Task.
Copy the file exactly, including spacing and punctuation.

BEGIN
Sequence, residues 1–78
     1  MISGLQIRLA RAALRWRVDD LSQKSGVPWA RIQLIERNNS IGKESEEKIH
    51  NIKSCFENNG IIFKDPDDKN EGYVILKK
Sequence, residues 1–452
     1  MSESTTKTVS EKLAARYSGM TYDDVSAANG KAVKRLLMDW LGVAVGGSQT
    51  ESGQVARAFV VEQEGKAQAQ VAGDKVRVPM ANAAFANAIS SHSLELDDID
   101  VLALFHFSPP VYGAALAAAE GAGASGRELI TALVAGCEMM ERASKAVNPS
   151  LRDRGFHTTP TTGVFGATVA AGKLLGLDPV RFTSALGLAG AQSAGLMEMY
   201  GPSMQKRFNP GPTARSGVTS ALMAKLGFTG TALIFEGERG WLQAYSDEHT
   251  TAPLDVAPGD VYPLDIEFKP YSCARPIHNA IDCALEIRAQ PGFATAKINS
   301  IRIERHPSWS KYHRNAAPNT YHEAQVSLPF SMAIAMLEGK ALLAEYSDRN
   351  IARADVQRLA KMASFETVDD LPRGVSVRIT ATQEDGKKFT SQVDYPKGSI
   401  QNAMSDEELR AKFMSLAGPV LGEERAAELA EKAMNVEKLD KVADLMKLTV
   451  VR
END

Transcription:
Sequence, residues 1–78
     1  MISGLQIRLA RAALRWRVDD LSQKSGVPWA RIQLIERNNS IGKESEEKIH
    51  NIKSCFENNG IIFKDPDDKN EGYVILKK
Sequence, residues 1–452
     1  MSESTTKTVS EKLAARYSGM TYDDVSAANG KAVKRLLMDW LGVAVGGSQT
    51  ESGQVARAFV VEQEGKAQAQ VAGDKVRVPM ANAAFANAIS SHSLELDDID
   101  VLALFHFSPP VYGAALAAAE GAGASGRELI TALVAGCEMM ERASKAVNPS
   151  LRDRGFHTTP TTGVFGATVA AGKLLGLDPV RFTSALGLAG AQSAGLMEMY
   201  GPSMQKRFNP GPTARSGVTS ALMAKLGFTG TALIFEGERG WLQAYSDEHT
   251  TAPLDVAPGD VYPLDIEFKP YSCARPIHNA IDCALEIRAQ PGFATAKINS
   301  IRIERHPSWS KYHRNAAPNT YHEAQVSLPF SMAIAMLEGK ALLAEYSDRN
   351  IARADVQRLA KMASFETVDD LPRGVSVRIT ATQEDGKKFT SQVDYPKGSI
   401  QNAMSDEELR AKFMSLAGPV LGEERAAELA EKAMNVEKLD KVADLMKLTV
   451  VR